(For more like this, see 10th & Crime.)

Twelve Ans

Sabine, jolted in the back of the truck, was thirsty.
And sick.
She clutched her stomach.
Her dark hair hunging over her face.
Finally, she bent over further, grabbing her bare knees, and splashed vomit onto the steel floor.
Jolting and bouncing. The truck was moving fast.
She could see the road bouncing behind them through a gap in the canvas. The big summery oak trees as green blurs, and the pines as black streaks.
Telephone poles and wires. Crows flying, iridiscent black, letting out harsh caws.
They were in the country now. America.
Somewhere deep in the vastness of the country north of New York City.
She’d been flown in by cargo plane. Shivering, black-hooded, all the way across the Atlantic Ocean.
Aix, Toulouse. The smell of wild thyme. Paris, freezing and foggy at two AM. A clasp knife with a serrated edge. Where was it all now?
And the Africans? And Jean-Pierre, the man who’d recruited her to cut glass with a diamond edged tool and slip into second story windows? She was small and lithe and could go into very small spaces. Maybe that was why he’d picked her off the street. He told her she was too young to whore. Too skinny. She’d attract the wrong type of men. The kind that would beat her up and cut her face with a razor.
Jean-Pierre was probably dead. The Africans, too. Sabine had killed two flics (cops).
She wasn’t sorry. The first one she took with the knife as he unbuttoned his fly.
Zip. His throat slashed in total silence. He staggered, the hot jet of blood hitting her brows. Then he fell over some trash bins, spilling bottles and cans.
The other managed to get his pistol out before Sabine, quick as a bird, stuck the knife in his heart.
Broke off the blade on a rib, twisting it as he sank to his knees.
Well, he was going to rape her, too, wasn’t he? Served him right. The magistrate, however, did not concur.
In New York, they’d taken off the hood but not the manacles. She’d glimpsed the skyline.
The Empire State Building.
She looked around for where the World Trade Center Towers had been. Nothing. Then they dragged her down a long, bare cement corridor and she was thrown into a room and the door clanked shut and locked behind her.
It was black inside the room. And cold. She crouched down, shivering in her parka. Thought about Jean-Pierre. Missed him with her whole body.
The laughing Africans. Their beautiful jokes and night-black faces. All dead. Killed by the flics in a movie-style downtown Paris shootout, outside a jewelry store. The flics had machine guns and body armor. The blacks just had some shotguns and pistols and knives. It wasn’t a fair fight.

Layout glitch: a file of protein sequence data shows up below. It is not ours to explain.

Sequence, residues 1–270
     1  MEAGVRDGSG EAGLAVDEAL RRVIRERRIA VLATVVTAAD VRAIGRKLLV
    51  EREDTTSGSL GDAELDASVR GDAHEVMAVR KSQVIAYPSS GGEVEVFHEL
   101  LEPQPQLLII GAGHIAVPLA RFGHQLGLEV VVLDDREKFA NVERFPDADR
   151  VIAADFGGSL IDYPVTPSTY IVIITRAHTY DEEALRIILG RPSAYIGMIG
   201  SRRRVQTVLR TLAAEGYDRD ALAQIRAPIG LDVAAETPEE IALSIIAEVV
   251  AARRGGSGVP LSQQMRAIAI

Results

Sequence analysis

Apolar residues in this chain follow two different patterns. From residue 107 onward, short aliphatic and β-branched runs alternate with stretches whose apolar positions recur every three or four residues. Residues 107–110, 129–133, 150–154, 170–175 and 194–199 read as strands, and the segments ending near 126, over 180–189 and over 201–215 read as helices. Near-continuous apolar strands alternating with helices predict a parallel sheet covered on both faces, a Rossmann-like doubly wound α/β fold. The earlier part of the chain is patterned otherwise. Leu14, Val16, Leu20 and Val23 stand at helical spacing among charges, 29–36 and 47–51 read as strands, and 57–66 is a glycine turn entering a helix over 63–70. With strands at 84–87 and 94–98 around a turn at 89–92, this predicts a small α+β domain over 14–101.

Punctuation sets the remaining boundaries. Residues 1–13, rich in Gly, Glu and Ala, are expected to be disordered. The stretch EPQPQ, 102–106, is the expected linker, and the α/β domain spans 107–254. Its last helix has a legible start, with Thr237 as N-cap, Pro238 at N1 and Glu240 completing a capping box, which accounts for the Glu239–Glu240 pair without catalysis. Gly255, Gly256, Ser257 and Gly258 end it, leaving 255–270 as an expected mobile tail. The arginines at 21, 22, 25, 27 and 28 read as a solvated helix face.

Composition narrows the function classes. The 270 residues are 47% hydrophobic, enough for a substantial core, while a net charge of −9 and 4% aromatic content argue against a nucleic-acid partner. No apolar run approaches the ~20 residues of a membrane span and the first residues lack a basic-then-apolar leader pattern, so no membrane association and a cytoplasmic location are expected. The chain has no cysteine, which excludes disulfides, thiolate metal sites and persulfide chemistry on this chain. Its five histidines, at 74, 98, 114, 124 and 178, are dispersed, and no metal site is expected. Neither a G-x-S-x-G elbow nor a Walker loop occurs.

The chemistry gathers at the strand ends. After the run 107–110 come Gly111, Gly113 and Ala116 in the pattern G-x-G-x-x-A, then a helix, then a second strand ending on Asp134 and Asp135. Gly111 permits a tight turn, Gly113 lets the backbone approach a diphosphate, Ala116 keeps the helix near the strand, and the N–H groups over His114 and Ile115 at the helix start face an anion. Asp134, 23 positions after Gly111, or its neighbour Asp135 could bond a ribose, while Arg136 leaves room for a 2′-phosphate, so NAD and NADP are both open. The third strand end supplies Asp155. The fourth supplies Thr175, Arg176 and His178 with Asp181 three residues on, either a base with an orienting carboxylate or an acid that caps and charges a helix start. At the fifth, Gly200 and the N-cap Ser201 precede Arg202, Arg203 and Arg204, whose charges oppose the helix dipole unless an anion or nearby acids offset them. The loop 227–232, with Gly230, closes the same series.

Food came into the black room through a slot in the door twice a day. It was garbage. But Sabine ate it. With her fingers.
On the third day they came in and put more manacles on her and dragged her, twisting and biting, to the truck. They threw her inside and chained her to a ring set into the floor. Then the truck started with a gasp and a grinding roar and they were off, bouncing. Sabine could see bits of Manhattan through the gap in the canvas. A red fire hydrant. A fire escape. A delivery truck. A bridge strut.
Flashing by. This was life. It flashed by you in little bits. Gone before you knew it.
Sabine wept.

That was the day she arrived at the Ultra Facility.
Sabine Delonge. Twelve ans.

Scavengers

Along the road he found a blind girl. Four years old, maybe, smoke-blackened in a tattered and dirty blue dress, standing under a stunted oak.

He coaxed the little girl to come with him. She walked by his side, stumbling a little, clinging to the smoke-and-grease stained sleeve of his coat.

Sometimes over the next few days he carried her — fording streams, for example, or hiking up steep stretches of the mountain roads. He put her on his shoulders, and she clung with both fists to his hair.

He didn’t know what to call the blind girl as she didn’t speak. Mute, too?

Finally, he gave her a name: Helen.

*

He’d come up from the wide river valley, walking the back roads past the weed-overgrown and empty farms. Most of the farmhouses were burnt out shells, and those that were not burnt out he skirted anyhow.

He was going high up into the mountains. Maybe as far as the high desert country. His idea was to find a cave to camp in and wait out the next few years, which would undoubtedly be chaotic.

He carried a rucksack with some small camping pots and pans and canned goods and other things in it and two canteens of drinking water and an old bolt-action Lee-Enfield rifle slung over his right shoulder. His knife was in a sheath at the back of his belt. A small box clinking in the left hand side pocket of his leather coat held the cartridges for the rifle. It was hot and sweaty work to walk all that way carrying all he owned.

At the University he’d taught philosophy. But he hadn’t brought along any books but for a thick pocket diary bound in leather with a pencil stuck in the loop. When the pencil ran out he’d have nothing to write with, so he filled the diary’s thin pages each night by fire-light slowly and sparingly.

*

It was only a few days after he’d picked up the girl that he turned a bend and saw three people sitting in the dust by the roadside cooking something on a fire. Too late to turn back or go around. He walked forward, raising his right hand.

One of the three — a teenaged girl, under the layers of dirt, he thought — got up and dashed into the woods. The two others, both men with thick beards in tattered and stained clothing, stood up slowly, one holding a stick.

He saw what they were cooking over the fire — it was a dog. Grease dripped and spat as the flames licked it. The smoke was pungent. He began to salivate despite himself, yet he was also nauseated. He wasn’t going to eat dog.